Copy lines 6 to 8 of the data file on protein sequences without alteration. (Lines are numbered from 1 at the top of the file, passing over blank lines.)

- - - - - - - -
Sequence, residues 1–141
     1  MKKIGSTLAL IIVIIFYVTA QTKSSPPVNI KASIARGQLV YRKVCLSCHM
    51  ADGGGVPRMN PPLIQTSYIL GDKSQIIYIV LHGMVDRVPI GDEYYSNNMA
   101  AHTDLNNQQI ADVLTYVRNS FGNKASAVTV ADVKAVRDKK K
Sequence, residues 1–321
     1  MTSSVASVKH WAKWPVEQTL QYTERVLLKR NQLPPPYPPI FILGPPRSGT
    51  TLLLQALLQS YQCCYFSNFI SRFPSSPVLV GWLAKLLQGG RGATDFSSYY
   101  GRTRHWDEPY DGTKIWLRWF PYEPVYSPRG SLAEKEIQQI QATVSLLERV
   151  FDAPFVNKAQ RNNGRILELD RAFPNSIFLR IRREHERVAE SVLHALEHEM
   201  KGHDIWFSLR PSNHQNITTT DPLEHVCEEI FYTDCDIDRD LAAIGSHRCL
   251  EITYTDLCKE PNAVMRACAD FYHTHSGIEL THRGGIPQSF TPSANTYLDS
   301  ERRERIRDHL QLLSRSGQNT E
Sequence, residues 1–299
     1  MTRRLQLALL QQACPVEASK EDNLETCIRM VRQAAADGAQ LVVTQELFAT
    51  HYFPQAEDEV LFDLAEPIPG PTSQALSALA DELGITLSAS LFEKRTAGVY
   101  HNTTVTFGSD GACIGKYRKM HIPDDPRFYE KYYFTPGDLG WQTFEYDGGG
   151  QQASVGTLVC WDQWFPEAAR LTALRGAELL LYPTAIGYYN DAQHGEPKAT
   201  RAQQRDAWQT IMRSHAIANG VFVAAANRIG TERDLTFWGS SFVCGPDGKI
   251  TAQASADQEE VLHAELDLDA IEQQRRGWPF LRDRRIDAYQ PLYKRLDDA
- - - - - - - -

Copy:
     1  MTSSVASVKH WAKWPVEQTL QYTERVLLKR NQLPPPYPPI FILGPPRSGT
    51  TLLLQALLQS YQCCYFSNFI SRFPSSPVLV GWLAKLLQGG RGATDFSSYY
   101  GRTRHWDEPY DGTKIWLRWF PYEPVYSPRG SLAEKEIQQI QATVSLLERV